Using Sibling Samples to Assess the Effect of Childhood Family Income on Completed Schooling
We assess the impact of stage-specific family childhood income on completed years of schooling using fixed effects techniques to eliminate biases associated with the omission of unmeasured family characteristics. Sibling data from the Panel Study of Income Dynamics (PSID) indicate that family income during early childhood has a positive effect on children's educational attainment. The magnitude of the effect suggests that a 2.7-fold increase in parental income when the child is 0-4 years old leads to an increase of about half a year of schooling. We find that income during adolescence has a positive but less robust effect.
To our knowledge, this item is not available for
download. To find whether it is available, there are three
1. Check below under "Related research" whether another version of this item is available online.
2. Check on the provider's web page whether it is in fact available.
3. Perform a search for a similarly titled item that would be available.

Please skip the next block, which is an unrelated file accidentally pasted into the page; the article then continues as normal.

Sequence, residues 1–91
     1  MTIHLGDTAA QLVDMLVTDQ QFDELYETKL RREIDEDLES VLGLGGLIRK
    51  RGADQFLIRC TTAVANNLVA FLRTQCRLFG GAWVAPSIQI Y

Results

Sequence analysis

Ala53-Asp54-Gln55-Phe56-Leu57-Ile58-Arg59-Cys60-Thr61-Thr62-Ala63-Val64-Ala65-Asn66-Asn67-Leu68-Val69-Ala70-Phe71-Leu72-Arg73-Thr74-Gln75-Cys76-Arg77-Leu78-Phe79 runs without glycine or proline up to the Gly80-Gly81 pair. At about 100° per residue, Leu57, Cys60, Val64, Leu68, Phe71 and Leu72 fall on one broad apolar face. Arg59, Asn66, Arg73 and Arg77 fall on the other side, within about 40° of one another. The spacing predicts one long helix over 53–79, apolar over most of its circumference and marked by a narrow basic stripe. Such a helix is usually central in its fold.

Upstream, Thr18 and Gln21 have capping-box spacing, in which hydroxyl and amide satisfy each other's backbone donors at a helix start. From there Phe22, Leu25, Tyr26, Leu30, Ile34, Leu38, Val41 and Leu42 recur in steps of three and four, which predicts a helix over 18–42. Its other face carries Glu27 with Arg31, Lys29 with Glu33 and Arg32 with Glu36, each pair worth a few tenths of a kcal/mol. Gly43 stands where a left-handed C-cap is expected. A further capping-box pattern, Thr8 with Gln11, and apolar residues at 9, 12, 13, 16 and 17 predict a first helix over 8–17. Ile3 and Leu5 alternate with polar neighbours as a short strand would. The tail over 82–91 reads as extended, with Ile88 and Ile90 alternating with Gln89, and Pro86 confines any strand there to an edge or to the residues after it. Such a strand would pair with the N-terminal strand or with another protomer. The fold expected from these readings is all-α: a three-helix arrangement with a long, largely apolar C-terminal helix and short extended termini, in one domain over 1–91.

|Date of creation:||27 Apr 2000|
|Contact details of provider:|| Postal: Harris Graduate School of Public Policy Studies, 1155 E. 60th Street Chicago, IL 60637|
Web page: http://www.jcpr.org/wp/ByDate.html
More information through EDIRC
Please report citation or reference errors to , or , if you are the registered author of the cited work, log in to your RePEc Author Service profile, click on "citations" and make appropriate adjustments.:
- Gary S. Becker & Nigel Tomes, 1994.
"Human Capital and the Rise and Fall of Families,"
NBER Chapters,in: Human Capital: A Theoretical and Empirical Analysis with Special Reference to Education (3rd Edition), pages 257-298
National Bureau of Economic Research, Inc.
- Becker, Gary S & Tomes, Nigel, 1986. "Human Capital and the Rise and Fall of Families," Journal of Labor Economics, University of Chicago Press, vol. 4(3), pages 1-39, July.
- Gary S. Becker & Nigel Tomes, "undated". "Human Capital and the Rise and Fall of Families," University of Chicago - Population Research Center 84-10, Chicago - Population Research Center.
- Robert Haveman & Barbara Wolfe, 1995. "The Determinants of Children's Attainments: A Review of Methods and Findings," Journal of Economic Literature, American Economic Association, vol. 33(4), pages 1829-1878, December.
- Shea, John, 2000. "Does parents' money matter?," Journal of Public Economics, Elsevier, vol. 77(2), pages 155-184, August.
- John Shea, 1997. "Does Parents' Money Matter?," NBER Working Papers 6026, National Bureau of Economic Research, Inc.
- Shelly Lundberg & Robert A. Pollak, 1996. "Bargaining and Distribution in Marriage," Journal of Economic Perspectives, American Economic Association, vol. 10(4), pages 139-158, Fall. Full references (including those not matched with items on IDEAS)